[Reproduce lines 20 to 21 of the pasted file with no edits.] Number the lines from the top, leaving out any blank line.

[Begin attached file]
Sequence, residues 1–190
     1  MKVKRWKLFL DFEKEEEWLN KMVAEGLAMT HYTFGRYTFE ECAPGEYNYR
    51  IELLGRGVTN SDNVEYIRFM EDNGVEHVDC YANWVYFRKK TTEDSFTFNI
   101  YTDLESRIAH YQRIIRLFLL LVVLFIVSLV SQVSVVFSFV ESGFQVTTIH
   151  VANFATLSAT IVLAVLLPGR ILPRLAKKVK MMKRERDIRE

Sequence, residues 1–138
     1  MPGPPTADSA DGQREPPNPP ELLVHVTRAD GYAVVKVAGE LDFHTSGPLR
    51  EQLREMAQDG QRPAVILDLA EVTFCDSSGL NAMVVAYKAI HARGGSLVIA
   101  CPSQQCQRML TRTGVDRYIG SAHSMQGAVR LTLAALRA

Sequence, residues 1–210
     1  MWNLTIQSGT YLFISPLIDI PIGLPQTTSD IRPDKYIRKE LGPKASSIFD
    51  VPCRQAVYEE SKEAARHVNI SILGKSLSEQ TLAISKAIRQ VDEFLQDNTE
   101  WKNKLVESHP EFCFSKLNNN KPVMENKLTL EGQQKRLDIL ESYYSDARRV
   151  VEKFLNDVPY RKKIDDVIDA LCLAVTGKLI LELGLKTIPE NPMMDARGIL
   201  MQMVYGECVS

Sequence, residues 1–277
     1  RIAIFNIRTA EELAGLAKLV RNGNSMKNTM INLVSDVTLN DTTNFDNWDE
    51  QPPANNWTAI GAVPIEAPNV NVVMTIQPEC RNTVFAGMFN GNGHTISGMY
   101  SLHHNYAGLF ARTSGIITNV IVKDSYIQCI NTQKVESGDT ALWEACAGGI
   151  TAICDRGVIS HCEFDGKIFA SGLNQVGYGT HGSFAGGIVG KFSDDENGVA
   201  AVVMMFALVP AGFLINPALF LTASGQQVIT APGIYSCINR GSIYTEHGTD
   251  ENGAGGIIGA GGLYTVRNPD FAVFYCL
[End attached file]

   151  TAICDRGVIS HCEFDGKIFA SGLNQVGYGT HGSFAGGIVG KFSDDENGVA
   201  AVVMMFALVP AGFLINPALF LTASGQQVIT APGIYSCINR GSIYTEHGTD